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October 16, 2019

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Investigators say BLM agent took evidence

BLM Agent Investigated

Jerry McBride/The Durango Herald / AP

In this Aug. 19, 2009, file photo, Daniel Love, a special agent with the Bureau of Land Management, walks in front of Carl “Vern” Crites’ home in Durango Colo., after Crites voluntarily turned over his entire collection of ancient artifacts during a sweeping federal investigation of looting and grave-robbing in the Four Corners region. In a report released Thursday, Aug. 24, 2017, federal investigators released a report that says Love took valuable stones held as evidence and distributed them “like candy” to colleagues and a contractor.

SALT LAKE CITY — A Bureau of Land Management agent who has been scrutinized for past behavior took valuable stones held as evidence and handed them out "like candy" to colleagues and a contractor, federal investigators said in a report released Thursday.

Daniel Love, who played a key role in the 2014 standoff with Nevada rancher Cliven Bundy, has previously been faulted for using his influence to get tickets to a sold-out Burning Man event he was helping oversee security for and manipulating a job search for a friend.

Department of Interior investigators also found Love told an employee to scrub emails requested by then-U.S. Rep. Jason Chaffetz. Though the report doesn't name Love, Chaffetz confirmed Thursday that the request was directed to the agent.

The U.S. Attorney's Office for Utah declined to file criminal charges related to evidence mishandling. The BLM said Thursday he remains an employee, but declined to elaborate.

A lawyer for Love, Lisa Kleine, did not immediately return a call seeking comment. A publicly listed number for Love has been disconnected.

The report states that in spring 2016, Love told an employee to take seized stones known as moqui marbles out of an evidence room so he could give them to a contractor who had done work on the facility in Salt Lake City. The rocks are unique geological formations of iron oxide that form in sedimentary rock.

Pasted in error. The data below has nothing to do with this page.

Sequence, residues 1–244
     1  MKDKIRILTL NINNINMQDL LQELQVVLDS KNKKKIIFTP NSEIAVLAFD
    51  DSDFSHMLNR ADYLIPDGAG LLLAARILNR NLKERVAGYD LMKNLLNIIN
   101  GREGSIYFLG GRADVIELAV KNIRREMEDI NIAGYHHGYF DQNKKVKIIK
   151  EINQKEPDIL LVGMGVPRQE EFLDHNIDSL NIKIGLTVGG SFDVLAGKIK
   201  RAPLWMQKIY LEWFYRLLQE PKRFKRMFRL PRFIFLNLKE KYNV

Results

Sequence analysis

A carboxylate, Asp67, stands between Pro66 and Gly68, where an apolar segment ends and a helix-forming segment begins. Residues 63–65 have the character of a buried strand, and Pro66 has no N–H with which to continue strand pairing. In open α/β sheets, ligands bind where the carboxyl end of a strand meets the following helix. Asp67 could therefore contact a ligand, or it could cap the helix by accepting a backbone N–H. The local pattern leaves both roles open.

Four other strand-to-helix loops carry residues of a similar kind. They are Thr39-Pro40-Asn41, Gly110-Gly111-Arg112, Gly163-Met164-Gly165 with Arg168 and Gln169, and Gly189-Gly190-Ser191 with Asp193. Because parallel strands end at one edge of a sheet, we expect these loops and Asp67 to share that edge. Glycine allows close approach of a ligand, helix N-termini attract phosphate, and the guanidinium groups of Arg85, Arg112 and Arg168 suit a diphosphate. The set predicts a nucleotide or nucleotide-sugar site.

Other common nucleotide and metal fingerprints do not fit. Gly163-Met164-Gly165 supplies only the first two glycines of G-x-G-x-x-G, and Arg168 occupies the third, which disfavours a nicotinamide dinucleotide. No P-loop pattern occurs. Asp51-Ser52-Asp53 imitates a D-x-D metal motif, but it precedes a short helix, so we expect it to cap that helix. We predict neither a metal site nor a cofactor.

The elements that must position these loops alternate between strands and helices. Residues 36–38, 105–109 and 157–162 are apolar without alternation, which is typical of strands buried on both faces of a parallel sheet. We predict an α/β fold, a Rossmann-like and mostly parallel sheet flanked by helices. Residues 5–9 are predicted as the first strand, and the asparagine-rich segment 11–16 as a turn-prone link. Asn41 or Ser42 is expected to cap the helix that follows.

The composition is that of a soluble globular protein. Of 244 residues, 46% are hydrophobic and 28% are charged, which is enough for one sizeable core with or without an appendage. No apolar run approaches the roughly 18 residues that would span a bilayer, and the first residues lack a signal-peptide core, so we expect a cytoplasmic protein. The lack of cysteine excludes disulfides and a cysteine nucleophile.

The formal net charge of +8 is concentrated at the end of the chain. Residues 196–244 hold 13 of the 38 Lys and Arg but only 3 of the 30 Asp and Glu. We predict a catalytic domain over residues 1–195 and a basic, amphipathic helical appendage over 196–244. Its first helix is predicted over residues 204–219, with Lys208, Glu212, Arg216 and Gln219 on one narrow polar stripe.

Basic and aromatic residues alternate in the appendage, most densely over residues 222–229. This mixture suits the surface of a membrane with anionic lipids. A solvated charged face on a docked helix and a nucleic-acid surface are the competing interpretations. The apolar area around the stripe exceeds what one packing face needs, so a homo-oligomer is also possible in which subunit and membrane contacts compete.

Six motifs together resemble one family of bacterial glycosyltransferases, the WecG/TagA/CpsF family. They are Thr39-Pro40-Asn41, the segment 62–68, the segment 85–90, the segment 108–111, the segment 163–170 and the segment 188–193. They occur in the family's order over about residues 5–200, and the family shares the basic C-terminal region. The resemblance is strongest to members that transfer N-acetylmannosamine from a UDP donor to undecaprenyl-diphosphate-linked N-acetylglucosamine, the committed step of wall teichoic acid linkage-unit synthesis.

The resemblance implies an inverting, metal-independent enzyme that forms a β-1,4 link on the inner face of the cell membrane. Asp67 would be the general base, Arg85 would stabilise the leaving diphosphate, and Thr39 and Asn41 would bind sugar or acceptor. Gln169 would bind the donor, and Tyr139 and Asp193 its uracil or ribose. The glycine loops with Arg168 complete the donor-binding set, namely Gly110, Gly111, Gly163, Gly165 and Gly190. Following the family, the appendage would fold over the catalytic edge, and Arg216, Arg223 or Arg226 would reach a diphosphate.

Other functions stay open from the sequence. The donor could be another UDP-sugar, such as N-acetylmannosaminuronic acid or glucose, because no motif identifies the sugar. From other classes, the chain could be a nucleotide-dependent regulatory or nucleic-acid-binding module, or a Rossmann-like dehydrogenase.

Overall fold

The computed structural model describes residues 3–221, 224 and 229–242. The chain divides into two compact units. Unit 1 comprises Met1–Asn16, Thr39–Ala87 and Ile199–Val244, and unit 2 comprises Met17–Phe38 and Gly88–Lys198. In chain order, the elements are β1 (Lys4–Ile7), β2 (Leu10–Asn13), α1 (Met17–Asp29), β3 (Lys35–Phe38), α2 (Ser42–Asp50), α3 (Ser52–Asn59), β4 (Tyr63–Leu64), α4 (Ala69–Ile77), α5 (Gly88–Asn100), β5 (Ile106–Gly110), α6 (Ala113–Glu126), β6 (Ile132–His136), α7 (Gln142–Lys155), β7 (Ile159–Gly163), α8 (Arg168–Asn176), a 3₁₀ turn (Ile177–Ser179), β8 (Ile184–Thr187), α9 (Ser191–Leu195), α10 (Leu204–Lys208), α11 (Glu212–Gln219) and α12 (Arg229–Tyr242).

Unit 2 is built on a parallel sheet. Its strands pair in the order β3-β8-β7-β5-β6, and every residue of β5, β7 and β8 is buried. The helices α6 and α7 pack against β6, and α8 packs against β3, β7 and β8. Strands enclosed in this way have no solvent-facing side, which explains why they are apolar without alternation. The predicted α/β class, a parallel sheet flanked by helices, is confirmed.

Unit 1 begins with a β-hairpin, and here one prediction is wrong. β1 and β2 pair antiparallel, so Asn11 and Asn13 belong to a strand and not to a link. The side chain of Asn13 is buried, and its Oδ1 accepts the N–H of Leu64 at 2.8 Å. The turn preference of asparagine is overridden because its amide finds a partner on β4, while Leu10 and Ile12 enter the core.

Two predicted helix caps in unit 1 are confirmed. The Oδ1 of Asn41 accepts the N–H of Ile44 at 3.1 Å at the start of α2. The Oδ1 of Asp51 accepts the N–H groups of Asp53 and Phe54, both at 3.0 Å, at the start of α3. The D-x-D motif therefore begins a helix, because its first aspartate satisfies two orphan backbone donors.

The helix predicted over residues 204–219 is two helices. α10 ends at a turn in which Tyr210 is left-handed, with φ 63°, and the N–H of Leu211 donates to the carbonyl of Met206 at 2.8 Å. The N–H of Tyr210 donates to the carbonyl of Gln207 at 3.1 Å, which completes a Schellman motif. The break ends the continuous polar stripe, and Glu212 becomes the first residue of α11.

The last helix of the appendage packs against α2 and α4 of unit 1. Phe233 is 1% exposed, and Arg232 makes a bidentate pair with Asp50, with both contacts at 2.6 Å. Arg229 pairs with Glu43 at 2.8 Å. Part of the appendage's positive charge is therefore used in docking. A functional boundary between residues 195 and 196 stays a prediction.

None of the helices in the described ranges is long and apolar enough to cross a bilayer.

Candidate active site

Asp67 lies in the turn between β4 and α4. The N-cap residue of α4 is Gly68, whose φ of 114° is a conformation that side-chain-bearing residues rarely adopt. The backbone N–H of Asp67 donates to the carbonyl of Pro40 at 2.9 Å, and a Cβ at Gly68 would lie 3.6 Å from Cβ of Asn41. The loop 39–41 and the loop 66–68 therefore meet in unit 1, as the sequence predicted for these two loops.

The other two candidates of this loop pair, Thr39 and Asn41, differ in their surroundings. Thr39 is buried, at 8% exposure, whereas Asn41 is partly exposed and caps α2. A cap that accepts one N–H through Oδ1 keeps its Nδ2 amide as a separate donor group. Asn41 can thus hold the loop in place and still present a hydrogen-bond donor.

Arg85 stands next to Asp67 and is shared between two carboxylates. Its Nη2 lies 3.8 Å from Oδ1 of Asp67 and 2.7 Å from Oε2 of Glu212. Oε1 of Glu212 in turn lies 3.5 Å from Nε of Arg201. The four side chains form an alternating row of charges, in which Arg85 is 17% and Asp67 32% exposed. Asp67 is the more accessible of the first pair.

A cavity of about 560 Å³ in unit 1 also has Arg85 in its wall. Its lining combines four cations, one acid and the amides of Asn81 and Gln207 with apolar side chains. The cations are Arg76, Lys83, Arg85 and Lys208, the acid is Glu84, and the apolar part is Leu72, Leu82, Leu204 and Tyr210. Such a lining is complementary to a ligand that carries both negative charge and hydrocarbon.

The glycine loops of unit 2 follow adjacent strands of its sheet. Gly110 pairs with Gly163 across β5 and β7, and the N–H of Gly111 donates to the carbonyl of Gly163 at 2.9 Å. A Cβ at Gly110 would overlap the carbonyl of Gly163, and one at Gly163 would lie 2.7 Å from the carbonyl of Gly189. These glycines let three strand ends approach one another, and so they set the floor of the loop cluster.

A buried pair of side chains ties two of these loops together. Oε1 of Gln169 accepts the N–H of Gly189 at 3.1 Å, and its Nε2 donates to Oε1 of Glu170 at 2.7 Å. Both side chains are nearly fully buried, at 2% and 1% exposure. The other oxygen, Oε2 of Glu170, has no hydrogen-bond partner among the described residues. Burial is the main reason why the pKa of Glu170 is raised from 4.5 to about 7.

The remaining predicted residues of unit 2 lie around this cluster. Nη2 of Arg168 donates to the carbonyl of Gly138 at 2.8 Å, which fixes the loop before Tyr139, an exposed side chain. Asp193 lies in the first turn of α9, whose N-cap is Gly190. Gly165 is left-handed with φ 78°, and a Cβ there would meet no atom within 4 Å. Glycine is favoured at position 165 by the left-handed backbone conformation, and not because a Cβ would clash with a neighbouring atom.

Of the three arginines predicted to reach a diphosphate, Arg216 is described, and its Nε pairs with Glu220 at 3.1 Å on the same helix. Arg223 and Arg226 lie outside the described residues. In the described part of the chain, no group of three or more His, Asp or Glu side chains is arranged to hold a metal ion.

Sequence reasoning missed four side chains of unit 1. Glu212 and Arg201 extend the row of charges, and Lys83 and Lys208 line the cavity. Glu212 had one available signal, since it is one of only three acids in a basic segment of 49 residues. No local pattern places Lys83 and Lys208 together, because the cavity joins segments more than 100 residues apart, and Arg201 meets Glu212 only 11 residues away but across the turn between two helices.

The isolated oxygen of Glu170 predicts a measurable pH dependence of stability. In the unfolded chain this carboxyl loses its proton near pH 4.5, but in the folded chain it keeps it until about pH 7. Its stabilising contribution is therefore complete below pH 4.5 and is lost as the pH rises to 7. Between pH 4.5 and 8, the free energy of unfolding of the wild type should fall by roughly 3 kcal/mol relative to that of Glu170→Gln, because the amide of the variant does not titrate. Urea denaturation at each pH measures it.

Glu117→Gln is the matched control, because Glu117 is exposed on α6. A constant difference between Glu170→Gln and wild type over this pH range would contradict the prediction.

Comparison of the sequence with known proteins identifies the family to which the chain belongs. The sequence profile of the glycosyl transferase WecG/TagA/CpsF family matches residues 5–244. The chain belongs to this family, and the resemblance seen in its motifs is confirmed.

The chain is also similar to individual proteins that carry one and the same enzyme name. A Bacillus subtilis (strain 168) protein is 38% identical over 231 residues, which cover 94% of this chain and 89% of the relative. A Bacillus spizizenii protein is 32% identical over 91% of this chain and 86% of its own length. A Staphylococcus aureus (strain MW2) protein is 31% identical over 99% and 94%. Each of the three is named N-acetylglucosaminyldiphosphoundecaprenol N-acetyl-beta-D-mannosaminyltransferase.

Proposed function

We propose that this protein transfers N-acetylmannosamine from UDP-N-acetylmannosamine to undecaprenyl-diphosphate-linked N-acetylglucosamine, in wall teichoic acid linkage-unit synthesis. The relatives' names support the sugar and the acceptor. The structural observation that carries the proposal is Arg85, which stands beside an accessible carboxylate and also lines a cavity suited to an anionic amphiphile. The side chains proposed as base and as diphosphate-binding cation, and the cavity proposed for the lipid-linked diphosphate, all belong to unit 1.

The agency had thousands of rocks that were seized during an investigation into whether they had been collected illegally from a national park, and a professor estimated their retail value at $160,000 to $520,000.

They were stored in dozens of 5-gallon (19-liter) buckets, and Love told an employee to get him four of the best rocks for gifts.

The employee told investigators he had "bad feeling" about taking them from the evidence room, but followed instructions because Love was a law enforcement officer and "scary." The contractor later returned the marbles.

Several other employees also had the stones, and one told investigators that Love was "giving them out like candy."

The report also found that Love told an employee to scrub emails requested by the U.S. Rep. Jason Chaffetz in February 2016. Love told an employee to search his email for anything that might be inappropriate or demeaning, and delete them or flag those emails so Love could review them.

During the investigation, Love refused to turn over his government-issued laptops, saying they'd been lost — something he previously told colleagues that he planned to do if he ever got in trouble. He declined to be interviewed by investigators.

Love oversaw the Bundy cattle roundup in Nevada in 2014. He also led BLM agents who during a 2009 artifact-looting investigation in southern Utah that marked an early skirmish in the struggle for control of public lands.

Love was sued for over the artifacts raid by family of a doctor, James Redd, who killed himself after he was arrested. That case was later dismissed.